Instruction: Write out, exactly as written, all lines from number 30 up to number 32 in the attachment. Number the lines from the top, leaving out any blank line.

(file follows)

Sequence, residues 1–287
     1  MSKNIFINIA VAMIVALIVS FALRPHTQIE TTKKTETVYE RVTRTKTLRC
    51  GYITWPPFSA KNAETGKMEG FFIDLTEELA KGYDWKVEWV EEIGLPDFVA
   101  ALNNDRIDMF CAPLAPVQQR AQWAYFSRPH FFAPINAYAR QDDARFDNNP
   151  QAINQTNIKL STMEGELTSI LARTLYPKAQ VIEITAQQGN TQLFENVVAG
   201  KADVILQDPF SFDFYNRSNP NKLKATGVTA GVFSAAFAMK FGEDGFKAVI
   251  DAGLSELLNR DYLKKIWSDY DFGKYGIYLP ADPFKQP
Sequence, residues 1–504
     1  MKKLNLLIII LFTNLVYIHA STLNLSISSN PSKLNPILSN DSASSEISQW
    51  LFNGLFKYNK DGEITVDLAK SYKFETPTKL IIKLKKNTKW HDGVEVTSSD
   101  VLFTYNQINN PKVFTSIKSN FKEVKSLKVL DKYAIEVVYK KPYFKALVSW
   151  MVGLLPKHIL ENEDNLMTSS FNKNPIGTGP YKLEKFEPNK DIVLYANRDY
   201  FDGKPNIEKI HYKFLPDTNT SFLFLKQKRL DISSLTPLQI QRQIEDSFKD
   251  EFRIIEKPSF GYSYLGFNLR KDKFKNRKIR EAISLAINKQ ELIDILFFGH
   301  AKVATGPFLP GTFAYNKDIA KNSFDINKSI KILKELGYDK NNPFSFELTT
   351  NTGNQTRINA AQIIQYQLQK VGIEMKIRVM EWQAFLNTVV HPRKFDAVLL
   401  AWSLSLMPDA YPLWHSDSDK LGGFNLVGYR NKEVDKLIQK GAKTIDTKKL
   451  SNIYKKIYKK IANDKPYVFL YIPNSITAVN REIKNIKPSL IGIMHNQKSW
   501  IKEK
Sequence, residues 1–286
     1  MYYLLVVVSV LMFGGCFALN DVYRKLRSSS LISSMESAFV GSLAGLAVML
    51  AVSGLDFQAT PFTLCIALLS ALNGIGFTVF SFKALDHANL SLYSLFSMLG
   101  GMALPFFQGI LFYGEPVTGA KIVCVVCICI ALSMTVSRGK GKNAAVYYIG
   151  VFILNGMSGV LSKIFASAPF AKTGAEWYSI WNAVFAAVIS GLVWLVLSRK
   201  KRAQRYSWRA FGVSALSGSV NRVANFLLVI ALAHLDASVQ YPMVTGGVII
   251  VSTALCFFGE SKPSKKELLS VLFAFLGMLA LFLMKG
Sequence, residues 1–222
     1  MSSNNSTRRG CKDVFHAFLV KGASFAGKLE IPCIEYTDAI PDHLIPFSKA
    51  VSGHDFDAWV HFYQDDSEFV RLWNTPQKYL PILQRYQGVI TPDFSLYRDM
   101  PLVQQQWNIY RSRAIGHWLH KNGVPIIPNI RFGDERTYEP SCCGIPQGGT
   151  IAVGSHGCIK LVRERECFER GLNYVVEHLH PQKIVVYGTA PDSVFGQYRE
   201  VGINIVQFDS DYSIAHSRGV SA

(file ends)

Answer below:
   101  PLVQQQWNIY RSRAIGHWLH KNGVPIIPNI RFGDERTYEP SCCGIPQGGT
   151  IAVGSHGCIK LVRERECFER GLNYVVEHLH PQKIVVYGTA PDSVFGQYRE
   201  VGINIVQFDS DYSIAHSRGV SA